In this Thursday, Oct. 11, 2012 photo, a FedEx cargo jet taxis on the runway after landing at Miami International Airport in Miami. FedEx says its third-quarter profit fell 31 percent as customers are opting for less-expensive ground shipping, hurting the company's airfreight business. (AP Photo/Wilfredo Lee)
Wednesday, March 20, 2013 7:00 pm
FedEx profit falls on weak airfreight business
By DAVID KOENIGAP Business Writer
The company says it will cut capacity to and from Asia starting next month and might retire some of its older airplanes.
FedEx shares fell $7.33, or 6.9 percent, to close at $99.13 Wednesday.
FedEx Corp. said its net income fell to $361 million, or $1.13 per share, in the three months ended Feb. 28. That's down from $521 million, or $1.65 per share, a year earlier.
Excluding costs of voluntary buyouts for some U.S. employees, the company says it would have earned $1.23 per share.
Revenue rose 4 percent to $11 billion.
Analysts were looking for $1.38 per share and revenue of $10.9 billion, according to FactSet.
The company's fiscal year ends in May. It expects adjusted earnings between $1.90 and $2.10 per share in its fourth quarter and $6 to $6.20 per share for the year. That is below analysts' forecasts of $2.12 and $6.35 per share, respectively.
Memphis-based FedEx is the world's second-biggest package-delivery company. It's seen as a gauge of the overall economy because so many consumers and a range of businesses use its shipping services.
Chairman and CEO Frederick W. Smith said the company's fiscal third quarter, which ended Feb. 28, was "very challenging" due to weakness in the global air freight business and customers picking slower, less-expensive ways to ship packages.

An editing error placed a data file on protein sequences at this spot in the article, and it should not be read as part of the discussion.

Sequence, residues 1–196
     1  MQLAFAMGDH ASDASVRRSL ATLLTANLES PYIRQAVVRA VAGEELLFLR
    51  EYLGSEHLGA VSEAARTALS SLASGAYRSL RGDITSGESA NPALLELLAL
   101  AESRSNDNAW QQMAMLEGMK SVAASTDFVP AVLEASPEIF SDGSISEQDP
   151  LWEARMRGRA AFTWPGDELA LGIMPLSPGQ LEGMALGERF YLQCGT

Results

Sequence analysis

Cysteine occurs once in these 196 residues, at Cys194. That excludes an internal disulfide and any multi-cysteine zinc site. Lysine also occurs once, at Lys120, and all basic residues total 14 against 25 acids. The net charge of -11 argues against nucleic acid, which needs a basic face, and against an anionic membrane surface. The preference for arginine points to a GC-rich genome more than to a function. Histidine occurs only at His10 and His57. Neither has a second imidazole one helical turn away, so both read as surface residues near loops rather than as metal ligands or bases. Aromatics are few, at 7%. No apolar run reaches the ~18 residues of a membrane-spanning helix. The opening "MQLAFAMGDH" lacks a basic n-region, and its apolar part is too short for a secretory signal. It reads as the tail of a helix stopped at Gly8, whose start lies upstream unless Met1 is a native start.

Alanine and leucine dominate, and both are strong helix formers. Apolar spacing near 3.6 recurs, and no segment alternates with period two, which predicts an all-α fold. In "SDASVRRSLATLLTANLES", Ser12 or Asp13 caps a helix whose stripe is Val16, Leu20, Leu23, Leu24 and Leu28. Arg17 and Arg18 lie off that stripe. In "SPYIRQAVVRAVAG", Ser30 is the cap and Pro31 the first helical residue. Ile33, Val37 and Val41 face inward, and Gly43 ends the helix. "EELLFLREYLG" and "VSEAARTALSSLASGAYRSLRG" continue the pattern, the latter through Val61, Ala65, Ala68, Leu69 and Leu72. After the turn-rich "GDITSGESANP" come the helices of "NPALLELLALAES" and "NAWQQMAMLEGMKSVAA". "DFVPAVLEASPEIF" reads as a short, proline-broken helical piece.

Smith said the company will respond by cutting capacity to Asia and directing less profitable shipments into "lower-cost networks." He said the company was studying whether the moves will let it retire older, less-efficient planes.
Executives said that the problem with the international airfreight business wasn't a lack of volume, but rather a faster-than-expected shift among customers from fast, premium service to cheaper delivery options.
"Our planes coming out of Asia were full - full of the wrong type of product," said David Bronczek, CEO of the company's Express business.
Taking their cue from the company, some analysts lowered their forecasts for future earnings. Jim Corridore of Standard & Poor's lowered his predictions for this year and next year but said the shares were still a value and would rise on good economic news.
Cowen Securities analyst Helane Becker said the air freight business "continues to bounce along a bottom" but results at FedEx's Express unit shouldn't get any worse as the company takes steps to fix it.
FedEx plans to cut annual costs $1.7 billion by 2016 with buyouts that will reduce its workforce by at least 10 percent by May 2014. The company said Wednesday that it will spend $450 million to $550 million in cash on the buyouts during the fiscal year ending in May, with "some additional costs" in the following 12 months.
FedEx lowered its capital-spending plan for the current year to $3.6 billion from $3.9 billion.